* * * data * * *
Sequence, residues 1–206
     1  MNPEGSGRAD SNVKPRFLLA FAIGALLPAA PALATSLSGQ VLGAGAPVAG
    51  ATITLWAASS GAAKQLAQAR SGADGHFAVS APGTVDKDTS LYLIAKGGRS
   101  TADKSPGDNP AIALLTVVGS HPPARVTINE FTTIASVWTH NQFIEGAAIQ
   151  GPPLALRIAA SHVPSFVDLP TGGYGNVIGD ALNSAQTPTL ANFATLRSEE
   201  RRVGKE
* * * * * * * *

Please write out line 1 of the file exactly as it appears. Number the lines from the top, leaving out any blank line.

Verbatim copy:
Sequence, residues 1–206